Scottish Secretary David Mundell will open a Trussell Trust foodbank at the Apex Centre in Dumfries on Friday.
The Apex Centre is just yards from another foodbank run by the First Base Agency, which has criticised Conservative welfare policies which it said are directly contributing to poverty and foodbank use in Dumfries.
Mr Mundell, MP for Dumfries-shire, Clydesdale and Tweeddale, said earlier this year that claims of welfare-related hardship from First Base volunteer Mark Frankland “should be taken with a pinch of salt” because he is an outspoken Scottish independence supporter.
His comments provoked an outcry at Holyrood’s Welfare Reform Committee in February, with SNP and Labour MSPs criticising Mr Mundell’s efforts to distance welfare reform from foodbank use.
Mr Mundell told the committee: “The three issues that are most commonly raised in relation to foodbanks are sanctions, delays in benefit payments and low income. I do not accept that those three issues are welfare reform issues.”
A Trussell Trust press release announcing Mr Mundell’s visit on Friday states that welfare reform is causing hardship for individuals and families, and that benefit changes are one of the underlying causes of poverty.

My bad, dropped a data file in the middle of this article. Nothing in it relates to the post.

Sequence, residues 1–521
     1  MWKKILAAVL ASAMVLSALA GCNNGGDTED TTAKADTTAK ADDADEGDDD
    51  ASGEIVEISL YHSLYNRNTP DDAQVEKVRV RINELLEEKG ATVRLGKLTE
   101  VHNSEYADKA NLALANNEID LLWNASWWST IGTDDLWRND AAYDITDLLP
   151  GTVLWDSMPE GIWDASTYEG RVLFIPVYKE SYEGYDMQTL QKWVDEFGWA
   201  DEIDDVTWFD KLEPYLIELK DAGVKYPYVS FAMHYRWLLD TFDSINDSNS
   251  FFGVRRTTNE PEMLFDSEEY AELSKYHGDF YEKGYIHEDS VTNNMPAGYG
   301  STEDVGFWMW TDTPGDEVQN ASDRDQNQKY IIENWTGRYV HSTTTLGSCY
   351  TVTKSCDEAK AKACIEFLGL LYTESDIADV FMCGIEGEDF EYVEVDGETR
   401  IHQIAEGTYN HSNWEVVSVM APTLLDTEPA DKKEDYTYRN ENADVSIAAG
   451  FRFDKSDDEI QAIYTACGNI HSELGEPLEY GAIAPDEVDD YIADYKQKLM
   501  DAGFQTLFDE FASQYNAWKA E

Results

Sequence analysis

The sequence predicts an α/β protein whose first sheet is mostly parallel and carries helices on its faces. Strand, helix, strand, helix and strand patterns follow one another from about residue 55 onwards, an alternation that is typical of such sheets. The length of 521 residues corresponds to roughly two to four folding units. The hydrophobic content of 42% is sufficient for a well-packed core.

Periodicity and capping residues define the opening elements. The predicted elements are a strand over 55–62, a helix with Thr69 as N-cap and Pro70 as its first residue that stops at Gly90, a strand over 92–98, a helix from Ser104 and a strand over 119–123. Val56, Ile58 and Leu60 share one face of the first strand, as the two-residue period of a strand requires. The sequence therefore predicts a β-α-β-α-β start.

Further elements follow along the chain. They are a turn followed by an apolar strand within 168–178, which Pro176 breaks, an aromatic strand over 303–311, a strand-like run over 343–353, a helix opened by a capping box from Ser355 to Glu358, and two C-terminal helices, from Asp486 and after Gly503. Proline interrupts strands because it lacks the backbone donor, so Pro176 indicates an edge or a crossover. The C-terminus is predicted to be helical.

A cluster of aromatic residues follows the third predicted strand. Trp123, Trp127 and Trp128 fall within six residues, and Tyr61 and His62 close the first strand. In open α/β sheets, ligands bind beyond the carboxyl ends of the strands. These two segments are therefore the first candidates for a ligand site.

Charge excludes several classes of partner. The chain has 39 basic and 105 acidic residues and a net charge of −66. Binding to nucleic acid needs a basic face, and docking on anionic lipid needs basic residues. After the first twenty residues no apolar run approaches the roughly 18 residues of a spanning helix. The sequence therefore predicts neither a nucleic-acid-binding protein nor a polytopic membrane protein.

Ewan Gurr, Scotland network manager for the Trussell Trust, said: “Like many small rural towns, Dumfries has seen the impact of the rising cost of food and fuel, insecure nature of employment and welfare reform, which has created financial hardship for many individuals and families throughout the entire local authority of Dumfries & Galloway.
“The Trussell Trust is pleased to work with Apex Scotland given their shared commitment to partner with organisations working with people in crisis and complement the other food providers available in Dumfries-shire.”
Trussell Trust added that changes in people’s welfare payments can lead to problems such as people having their benefits stopped whilst they are reassessed, which can also include a sanction.
It said: “The new Dumfries-shire foodbank will provide nutritionally-balanced emergency food to people referred by local statutory and voluntary organisations, who will help tackle the underlying causes of poverty related primarily to benefit delays, benefit changes and low income.”
Fiona Dalgleish, centre co-ordinator at Apex, said that the project, which works with 26 local referring agencies to identify people in crisis, is expected to be very busy.
“The foodbank in Dumfries will be an absolute necessity to support local people and help them break the cycle of poverty,” she said.
Dumfries-shire foodbank is the second of two projects launched by Apex Scotland in partnership with The Trussell Trust.
In November 2013, Wigtownshire foodbank opened its doors to the public and has since reached almost 600 men, women and children.
Figures published by The Trussell Trust in April 2015 reveal that more than 117,000 referrals were made in Scotland for emergency food parcels in the last financial year. This showed a 63% increase in Scotland.
The charity said this data indicates that despite signs of economic recovery, the numbers of people turning to foodbanks continues to grow.
While problems with benefits remain the largest driver of foodbank use UK-wide, there has been an increase in numbers referred due to low income in the last year, according to The Trussell Trust.